No. 53 (2017), Published: 2017-12-29
Special issue: Ethics and Uncertainty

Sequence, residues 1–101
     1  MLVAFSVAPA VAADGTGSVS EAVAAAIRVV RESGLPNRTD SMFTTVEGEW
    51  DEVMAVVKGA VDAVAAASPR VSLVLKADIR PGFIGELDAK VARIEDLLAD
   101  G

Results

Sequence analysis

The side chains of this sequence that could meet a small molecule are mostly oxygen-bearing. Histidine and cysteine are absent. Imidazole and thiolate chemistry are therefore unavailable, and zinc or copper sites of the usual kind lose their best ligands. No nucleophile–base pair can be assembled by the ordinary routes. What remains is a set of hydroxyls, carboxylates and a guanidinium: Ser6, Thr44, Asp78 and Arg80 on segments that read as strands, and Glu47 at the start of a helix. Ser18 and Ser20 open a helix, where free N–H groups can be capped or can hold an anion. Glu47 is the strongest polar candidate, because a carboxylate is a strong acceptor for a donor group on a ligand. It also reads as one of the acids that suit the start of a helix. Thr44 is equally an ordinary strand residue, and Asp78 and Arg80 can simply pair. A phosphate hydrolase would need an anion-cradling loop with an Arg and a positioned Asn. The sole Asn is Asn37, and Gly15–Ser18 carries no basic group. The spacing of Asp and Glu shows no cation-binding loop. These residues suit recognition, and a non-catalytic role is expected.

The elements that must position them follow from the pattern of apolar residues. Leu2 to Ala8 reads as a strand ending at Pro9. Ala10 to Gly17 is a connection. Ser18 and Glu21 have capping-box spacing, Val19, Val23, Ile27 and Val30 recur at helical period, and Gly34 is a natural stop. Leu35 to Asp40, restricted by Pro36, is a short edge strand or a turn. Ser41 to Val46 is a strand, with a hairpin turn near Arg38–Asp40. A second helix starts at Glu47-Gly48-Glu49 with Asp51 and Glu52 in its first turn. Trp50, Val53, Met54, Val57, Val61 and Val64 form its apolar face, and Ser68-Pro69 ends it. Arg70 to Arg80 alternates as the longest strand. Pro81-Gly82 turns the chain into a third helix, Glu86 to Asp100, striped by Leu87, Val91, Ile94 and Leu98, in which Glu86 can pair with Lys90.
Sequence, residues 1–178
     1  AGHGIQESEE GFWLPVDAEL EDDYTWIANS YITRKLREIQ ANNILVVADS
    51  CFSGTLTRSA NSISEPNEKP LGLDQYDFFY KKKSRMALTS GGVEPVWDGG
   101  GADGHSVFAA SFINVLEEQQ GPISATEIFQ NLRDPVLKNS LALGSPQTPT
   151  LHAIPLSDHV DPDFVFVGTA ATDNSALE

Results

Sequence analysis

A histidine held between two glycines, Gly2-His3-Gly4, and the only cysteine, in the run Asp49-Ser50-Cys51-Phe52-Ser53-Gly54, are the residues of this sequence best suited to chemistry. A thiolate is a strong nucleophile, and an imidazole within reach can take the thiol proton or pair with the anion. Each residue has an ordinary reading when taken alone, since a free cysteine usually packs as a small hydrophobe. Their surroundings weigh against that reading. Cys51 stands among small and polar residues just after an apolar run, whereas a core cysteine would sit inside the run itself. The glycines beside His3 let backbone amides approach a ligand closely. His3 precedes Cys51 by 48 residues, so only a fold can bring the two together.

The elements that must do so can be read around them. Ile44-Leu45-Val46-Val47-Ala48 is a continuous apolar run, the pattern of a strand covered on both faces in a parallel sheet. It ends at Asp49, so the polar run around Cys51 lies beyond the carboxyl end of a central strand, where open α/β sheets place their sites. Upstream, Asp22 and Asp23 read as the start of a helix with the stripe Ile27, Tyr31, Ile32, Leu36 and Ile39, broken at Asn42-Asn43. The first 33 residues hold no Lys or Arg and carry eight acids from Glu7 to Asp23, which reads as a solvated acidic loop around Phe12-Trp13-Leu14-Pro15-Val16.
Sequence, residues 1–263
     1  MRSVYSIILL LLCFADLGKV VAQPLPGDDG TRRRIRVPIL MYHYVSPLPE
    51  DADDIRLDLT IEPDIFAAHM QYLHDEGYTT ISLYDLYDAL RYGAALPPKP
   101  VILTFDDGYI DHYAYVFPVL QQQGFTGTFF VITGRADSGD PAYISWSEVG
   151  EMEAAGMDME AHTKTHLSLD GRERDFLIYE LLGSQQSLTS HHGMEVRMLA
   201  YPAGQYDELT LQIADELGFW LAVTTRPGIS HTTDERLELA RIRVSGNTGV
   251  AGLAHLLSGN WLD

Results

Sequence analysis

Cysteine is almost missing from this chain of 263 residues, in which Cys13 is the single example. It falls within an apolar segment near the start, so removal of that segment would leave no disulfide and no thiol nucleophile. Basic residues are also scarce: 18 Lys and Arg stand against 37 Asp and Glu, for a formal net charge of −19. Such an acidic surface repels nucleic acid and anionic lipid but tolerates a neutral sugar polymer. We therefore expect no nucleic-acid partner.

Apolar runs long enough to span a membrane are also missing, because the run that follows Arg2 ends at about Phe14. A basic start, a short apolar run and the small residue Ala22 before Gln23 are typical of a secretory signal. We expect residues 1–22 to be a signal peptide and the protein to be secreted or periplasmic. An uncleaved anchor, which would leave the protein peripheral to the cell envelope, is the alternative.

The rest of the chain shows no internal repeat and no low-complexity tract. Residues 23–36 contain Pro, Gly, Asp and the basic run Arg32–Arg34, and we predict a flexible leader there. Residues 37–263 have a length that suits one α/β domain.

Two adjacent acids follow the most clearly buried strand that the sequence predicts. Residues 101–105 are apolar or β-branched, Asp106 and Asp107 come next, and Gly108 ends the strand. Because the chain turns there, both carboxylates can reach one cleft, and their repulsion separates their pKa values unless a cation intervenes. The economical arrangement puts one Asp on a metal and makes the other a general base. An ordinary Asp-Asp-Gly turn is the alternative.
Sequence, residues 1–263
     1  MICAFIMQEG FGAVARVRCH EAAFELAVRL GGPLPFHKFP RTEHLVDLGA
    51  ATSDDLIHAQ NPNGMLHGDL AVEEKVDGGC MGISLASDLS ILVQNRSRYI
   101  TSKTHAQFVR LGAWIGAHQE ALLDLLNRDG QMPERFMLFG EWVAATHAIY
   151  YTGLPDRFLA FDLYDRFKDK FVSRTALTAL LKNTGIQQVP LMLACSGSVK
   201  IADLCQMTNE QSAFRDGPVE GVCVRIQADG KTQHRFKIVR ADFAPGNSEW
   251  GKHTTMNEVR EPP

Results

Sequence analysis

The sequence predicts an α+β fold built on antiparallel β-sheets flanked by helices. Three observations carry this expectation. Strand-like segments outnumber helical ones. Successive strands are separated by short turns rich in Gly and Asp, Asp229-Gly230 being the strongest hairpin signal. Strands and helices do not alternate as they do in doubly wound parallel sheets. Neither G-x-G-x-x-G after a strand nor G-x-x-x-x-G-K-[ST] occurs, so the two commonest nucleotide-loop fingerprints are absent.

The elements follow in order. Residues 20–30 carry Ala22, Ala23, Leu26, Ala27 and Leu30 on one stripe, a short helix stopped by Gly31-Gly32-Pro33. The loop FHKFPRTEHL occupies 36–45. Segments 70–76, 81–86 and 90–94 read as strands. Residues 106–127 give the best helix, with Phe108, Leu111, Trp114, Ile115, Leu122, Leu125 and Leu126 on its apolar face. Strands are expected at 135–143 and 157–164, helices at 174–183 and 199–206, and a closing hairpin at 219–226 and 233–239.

Until very recently, normative theorizing in ethics was frequently conducted without even mentioning uncertainty. Just a few years ago, Sven Ove Hansson described this state of affairs with the slogan: “Ethics still lives in a Newtonian world.” In the new Oxford Handbook of Philosophy and Probability, David McCarthy writes that “mainstream moral philosophy has not been much concerned with probability”, understanding probability as “the best-known tool for thinking about uncertainty.” This special predilection for certainty in ethics was surprising since most decisions or evaluations are made both by individuals and policy-makers through the fog of a widely understood uncertainty that includes risk, ignorance, indeterminacy. Therefore, the main task of this special issue is to encourage philosophers to rethink the standard paradigm in ethics by redirecting discussions about ethical questions to problems involving different kinds of uncertainty when an individual or a policy-maker does not have access to or knowledge about (for example): the relevant facts, the consequences of decisions, the identity of people involved, other people’s or her own preferences and decisions, the individuation of actions, the ontological and moral status of some beings, the relevant normative doctrines or value scales etc.